WAETAG: Day 1

My people got me to the WAETAG conference this weekend. My colleagues. My motivators. MY PEOPLE. Truly. I would have stumbled home after a long day of messing around with Gradebook and fallen into bed with cinnamon raisin toast. Instead, steeled by the fact that I’d get to spend some time with a handful of inspiring women, I sucked it up and trundled over to Shelley Keeler’s house. Off to the world of Tacoma, where you can drive “on the tide flats,” which makes me think of the crazy road from The Woman in Black.

Roger Fisher is the keynote speaker for both days of the WAETAG conference. His keynote was “Creativity, the Basics of Tomorrow,” which was interesting, but not terribly earth-shattering. He’s not the Roger Fisher of Heart, by the way.

Here’s my big takeaway from the keynote.

These two roads of thinking were good for me to ponder.

I crashed at Briana Johnson’s house so I didn’t have to drive home in the dark.

And that was the end of WAETAG. Woooooo.

NCTM Reflections: Day 1

Yesterday marked the first (half) day of the NCTM conference. I am SO very glad I took the extra day to fly in.

I can’t say enough good things about the Belmont Hotel folks. The shuttle service was low-drama and speedy, and everything I’ve inquired about has been answered kindly and efficiently. My greatest discovery was locating the blow dryer. Yessss.

Most of Wednesday was spent sleeping and doing final tweaks on my presentation. I ate delicious food at SMOKE, the restaurant connected to the Belmont (hangar steak salad, BBQ beans). I slept some more, then I headed down to the convention center.

The opening keynote was Scott Flansburg, the Human Calculator, a dropout savant who spent most of his hour-and-a-half presentation name-dropping all the TV shows he’d been featured on and all the famous people he met. The presentation was pretty mediocre, and I was forced to depart early due to excessive cologne application by my neighbor (who was three seats away). I found myself longing for a return visit from the brilliant and charming Jane McGonigal, who was our opening speaker at the Title I conference.

 

Trundled back home, ate dinner at SMOKE (mac and cheese), read books, watched Sherlock, slept poorly. The only thing that kept me from freaking out about my lack of sleep was marathon guru Hal Higdon’s advice. He says that you probably will get an awful night’s sleep before the race (or presentation), so it’s actually more important that the two nights leading up to the night before the race are solid. Seeing as how I slept through most of Tuesday and Wednesday, each time I woke up, instead of panicking, I was able to tell myself, “Aren’t you glad you slept so much before?”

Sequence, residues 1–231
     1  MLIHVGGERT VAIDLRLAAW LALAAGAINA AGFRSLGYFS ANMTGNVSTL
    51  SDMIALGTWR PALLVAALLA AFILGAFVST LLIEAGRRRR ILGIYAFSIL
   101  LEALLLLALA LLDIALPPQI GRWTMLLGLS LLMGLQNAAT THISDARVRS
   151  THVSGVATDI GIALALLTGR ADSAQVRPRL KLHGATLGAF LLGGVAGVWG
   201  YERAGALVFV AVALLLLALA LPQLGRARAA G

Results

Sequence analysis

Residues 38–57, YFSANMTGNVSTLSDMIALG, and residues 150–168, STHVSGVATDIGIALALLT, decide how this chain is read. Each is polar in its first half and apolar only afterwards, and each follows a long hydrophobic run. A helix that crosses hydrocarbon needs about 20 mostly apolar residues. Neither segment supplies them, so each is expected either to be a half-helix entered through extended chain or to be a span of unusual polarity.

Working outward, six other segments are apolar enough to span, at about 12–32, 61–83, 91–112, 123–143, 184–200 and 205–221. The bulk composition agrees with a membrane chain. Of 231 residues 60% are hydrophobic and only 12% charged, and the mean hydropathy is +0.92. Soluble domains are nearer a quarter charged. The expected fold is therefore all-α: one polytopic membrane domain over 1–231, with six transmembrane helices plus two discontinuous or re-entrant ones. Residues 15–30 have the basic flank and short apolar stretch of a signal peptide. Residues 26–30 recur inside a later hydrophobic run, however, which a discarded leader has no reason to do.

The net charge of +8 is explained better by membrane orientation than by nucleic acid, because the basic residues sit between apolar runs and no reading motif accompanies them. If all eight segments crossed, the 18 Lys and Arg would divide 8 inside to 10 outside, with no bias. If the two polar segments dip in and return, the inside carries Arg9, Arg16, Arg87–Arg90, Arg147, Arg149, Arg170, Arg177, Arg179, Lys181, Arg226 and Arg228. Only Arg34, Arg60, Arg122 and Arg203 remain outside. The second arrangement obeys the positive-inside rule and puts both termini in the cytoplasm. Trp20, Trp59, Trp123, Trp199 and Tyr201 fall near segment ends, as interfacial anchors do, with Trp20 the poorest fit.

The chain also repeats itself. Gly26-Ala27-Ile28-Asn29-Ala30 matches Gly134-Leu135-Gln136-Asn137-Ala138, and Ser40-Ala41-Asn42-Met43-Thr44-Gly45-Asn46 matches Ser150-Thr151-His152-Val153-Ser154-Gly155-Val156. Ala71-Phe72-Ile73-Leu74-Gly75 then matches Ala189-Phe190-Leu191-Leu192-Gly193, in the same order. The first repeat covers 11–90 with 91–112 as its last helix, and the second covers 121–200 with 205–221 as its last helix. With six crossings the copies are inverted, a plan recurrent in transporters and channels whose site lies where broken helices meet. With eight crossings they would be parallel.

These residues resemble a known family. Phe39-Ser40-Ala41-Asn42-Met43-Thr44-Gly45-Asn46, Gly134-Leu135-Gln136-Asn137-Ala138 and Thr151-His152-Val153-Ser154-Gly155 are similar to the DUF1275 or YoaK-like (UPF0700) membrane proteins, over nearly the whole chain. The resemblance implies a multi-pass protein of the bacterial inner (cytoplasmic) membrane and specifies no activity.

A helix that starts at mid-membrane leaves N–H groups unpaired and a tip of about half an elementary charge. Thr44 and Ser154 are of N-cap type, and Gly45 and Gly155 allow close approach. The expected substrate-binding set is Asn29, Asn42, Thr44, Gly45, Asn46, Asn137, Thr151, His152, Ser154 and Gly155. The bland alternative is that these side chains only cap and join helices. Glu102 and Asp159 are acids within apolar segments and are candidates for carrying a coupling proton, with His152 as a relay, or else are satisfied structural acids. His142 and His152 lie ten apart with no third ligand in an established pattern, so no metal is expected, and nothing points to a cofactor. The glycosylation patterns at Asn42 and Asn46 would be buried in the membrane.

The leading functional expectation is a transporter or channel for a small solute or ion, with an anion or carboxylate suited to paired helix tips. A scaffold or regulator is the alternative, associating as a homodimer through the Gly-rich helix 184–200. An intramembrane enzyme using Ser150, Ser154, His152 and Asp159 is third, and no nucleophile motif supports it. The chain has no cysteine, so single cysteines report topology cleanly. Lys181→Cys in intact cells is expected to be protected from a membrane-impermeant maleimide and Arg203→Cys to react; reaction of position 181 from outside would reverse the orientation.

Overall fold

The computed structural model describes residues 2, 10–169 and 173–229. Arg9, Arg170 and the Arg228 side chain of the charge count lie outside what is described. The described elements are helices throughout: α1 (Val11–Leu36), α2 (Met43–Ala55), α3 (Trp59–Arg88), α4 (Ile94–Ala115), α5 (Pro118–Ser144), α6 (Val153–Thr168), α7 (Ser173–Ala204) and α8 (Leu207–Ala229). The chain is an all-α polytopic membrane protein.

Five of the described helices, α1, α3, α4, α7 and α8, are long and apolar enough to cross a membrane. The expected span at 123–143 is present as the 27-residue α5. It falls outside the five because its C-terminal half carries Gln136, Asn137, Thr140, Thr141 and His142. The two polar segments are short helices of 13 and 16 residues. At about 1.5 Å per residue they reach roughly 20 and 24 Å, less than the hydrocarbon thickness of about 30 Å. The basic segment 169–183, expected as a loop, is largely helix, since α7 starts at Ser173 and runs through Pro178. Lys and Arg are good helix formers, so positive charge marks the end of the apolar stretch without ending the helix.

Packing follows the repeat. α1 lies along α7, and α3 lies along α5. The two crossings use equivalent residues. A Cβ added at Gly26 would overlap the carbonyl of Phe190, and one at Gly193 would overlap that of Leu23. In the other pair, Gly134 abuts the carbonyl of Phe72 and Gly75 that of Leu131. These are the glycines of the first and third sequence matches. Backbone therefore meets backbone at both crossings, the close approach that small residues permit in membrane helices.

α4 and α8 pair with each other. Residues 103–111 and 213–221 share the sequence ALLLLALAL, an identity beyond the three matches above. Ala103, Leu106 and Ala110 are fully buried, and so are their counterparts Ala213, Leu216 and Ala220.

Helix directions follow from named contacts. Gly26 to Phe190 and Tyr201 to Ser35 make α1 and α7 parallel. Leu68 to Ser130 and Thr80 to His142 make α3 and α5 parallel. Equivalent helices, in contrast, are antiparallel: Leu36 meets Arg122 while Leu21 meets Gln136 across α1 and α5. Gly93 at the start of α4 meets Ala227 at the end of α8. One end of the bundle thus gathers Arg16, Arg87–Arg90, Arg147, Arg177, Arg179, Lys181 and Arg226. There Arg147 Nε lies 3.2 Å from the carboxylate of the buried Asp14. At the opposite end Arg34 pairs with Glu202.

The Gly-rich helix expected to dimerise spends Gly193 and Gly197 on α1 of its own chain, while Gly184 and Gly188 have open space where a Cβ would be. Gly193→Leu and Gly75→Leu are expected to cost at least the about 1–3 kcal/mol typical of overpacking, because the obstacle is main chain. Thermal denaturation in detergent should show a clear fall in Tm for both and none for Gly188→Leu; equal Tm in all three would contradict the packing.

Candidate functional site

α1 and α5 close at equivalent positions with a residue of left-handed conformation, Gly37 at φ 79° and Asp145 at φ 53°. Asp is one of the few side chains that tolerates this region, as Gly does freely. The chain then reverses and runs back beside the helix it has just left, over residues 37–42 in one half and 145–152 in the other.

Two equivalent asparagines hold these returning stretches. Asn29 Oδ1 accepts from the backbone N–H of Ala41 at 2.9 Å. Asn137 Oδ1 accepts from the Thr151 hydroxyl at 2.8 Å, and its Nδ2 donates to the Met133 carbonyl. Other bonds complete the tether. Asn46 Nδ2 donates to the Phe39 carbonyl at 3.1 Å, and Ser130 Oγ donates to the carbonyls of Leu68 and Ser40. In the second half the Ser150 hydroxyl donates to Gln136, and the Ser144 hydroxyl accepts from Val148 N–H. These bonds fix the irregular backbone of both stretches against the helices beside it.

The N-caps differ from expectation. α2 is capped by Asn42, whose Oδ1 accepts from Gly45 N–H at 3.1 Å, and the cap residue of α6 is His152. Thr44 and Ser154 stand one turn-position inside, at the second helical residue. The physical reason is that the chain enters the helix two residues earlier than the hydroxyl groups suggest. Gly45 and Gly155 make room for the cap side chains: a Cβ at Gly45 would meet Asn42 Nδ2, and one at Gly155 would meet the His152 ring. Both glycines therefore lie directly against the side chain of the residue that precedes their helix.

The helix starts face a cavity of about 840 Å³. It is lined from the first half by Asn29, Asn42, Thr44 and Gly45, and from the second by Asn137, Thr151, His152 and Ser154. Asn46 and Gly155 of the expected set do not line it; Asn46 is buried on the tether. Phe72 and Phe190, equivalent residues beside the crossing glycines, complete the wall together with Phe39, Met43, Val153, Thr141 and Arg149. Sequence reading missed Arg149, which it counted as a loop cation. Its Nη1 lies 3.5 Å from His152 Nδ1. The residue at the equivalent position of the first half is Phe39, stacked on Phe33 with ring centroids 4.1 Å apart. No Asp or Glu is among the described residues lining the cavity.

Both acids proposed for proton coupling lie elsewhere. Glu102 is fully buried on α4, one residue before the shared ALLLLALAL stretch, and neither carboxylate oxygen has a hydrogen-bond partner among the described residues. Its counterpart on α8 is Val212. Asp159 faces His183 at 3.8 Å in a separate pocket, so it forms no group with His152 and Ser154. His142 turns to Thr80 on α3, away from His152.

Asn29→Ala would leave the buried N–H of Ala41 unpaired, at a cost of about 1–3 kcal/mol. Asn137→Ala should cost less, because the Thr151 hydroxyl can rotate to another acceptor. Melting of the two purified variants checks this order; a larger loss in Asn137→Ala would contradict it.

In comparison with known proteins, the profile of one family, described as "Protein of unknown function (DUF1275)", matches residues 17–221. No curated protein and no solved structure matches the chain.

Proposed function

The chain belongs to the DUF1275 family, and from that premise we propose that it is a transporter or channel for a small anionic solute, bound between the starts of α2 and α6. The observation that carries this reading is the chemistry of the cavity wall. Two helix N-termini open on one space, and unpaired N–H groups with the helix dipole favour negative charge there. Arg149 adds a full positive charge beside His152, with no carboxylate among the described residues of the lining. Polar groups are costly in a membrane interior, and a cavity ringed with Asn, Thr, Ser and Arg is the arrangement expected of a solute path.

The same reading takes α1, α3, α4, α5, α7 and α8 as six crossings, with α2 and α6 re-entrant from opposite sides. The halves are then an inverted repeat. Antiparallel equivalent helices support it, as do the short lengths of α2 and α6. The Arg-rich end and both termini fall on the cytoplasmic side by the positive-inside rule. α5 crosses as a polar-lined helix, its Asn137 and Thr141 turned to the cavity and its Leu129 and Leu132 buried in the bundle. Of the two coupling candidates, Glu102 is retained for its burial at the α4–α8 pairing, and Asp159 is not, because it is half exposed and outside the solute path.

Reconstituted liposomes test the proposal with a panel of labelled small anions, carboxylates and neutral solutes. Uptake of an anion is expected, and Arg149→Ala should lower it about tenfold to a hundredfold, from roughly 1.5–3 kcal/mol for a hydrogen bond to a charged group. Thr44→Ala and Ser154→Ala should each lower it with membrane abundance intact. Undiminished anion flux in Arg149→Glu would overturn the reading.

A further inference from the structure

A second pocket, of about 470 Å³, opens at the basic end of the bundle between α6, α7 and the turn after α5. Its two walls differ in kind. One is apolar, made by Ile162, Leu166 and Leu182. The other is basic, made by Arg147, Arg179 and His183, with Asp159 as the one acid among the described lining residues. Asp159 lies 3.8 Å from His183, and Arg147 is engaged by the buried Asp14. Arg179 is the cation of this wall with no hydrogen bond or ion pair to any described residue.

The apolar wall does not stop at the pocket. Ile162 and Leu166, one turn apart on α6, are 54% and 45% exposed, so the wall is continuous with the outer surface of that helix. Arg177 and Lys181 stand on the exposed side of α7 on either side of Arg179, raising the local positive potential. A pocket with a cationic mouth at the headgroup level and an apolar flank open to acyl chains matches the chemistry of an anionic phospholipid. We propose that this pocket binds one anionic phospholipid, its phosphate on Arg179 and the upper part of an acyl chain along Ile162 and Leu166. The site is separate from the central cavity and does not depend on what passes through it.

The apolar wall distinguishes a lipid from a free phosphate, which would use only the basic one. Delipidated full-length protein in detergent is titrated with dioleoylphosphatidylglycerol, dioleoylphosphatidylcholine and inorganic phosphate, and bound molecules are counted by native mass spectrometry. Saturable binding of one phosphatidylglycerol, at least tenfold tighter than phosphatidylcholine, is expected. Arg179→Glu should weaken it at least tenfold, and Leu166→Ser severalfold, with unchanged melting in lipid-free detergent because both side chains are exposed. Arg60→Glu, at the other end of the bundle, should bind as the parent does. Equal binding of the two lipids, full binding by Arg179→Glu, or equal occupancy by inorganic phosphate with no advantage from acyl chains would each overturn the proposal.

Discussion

Have I publicly mentioned how much I adore Skype? Because I adore Skype. In addition to the tremendous potential it has in my classroom, it’s also really freaking amazing to be able to see my sweet husband’s face before going to sleep when I’m away feeling insecure. Also, I got to see my kitty cat. Who is admittedly cuter than my husband. And equally furry, given the current unshorn state of Toby’s beard.

Perceptions of Science

I’ve been thinking a lot these past few days about science and people who consider themselves to be “not science people” or “not math people” and how that winds up playing out in educators and education. The response to the Higgs Boson discovery has been huge and wonderful, but these New York hipsters show us we still have a long way to go.

In my musings, I owe much gratitude to Chip Brock, who has always been willing to answer my random, rapid-fire e-mail questions. My lifetime favorite question is probably when I sent him a message from my internship at The Gazette in Colorado Springs asking how much pressure it would take to blast off a manhole cover. Yessssss.

I owe a lot in advance to Kendra Snyder, who is a science publicist for the American Museum of Natural History. I say “in advance” because I plan on picking her brain plenty in the future, although before yesterday, I hadn’t seen her since we graduated together from MSU in May 2005. Which is an absolutely tragedy, because she is brilliant and wonderful. We didn’t hang out much outside of SNews functions at MSU and our sweet 2003 study abroad, which is a shame.

I was trying to figure out yesterday morning, as I was brain barfing to Kendra, why my passionate interest in lay-person’s science advocacy has been on the sidelines for so long. Maybe it’s because I’ve found science-loving friends in Toby’s coworkers at Cheezburger who made me think that the rest of the world was more into science these days. Maybe I was lulled into a false sense that science was becoming more widely recognized because of popular shows like Mythbusters and Alton Brown’s Good Eats.

But I’m probably really thinking about how most people respond to science because of the reaction most people have when I tell them I’m writing a children’s book about Buckminster Fuller. There are three main forms these reactions take. I am including photos for ease of interpretation.

 

1) Delight. “OMG Awesome! The geodesic dome! Buckyballs! What are you writing about him?”

2) Dismissiveness. “Oh, SHANNON, you’re such an overachiever. Don’t even tell me, I know I wouldn’t understand.”

3) That Look. “That Look” also goes along with “That Voice,” the tone that people use when they talk about science being beyond their grasp. You’ve heard every single TV and radio personality using “That Voice” when they lead into a story about the Higgs discovery. It’s oftentimes meant as a compliment, I’m sure, like “Now we’ll hear from a brilliant person who understands the mysteries of the universe,” but I actually take it as an insult. When you use That Voice and give me That Look, here’s what I actually think: If I am failing to communicate in a lucid way how certain processes work, you are actually calling me an incomprehensible jerk incapable of communicating clearly.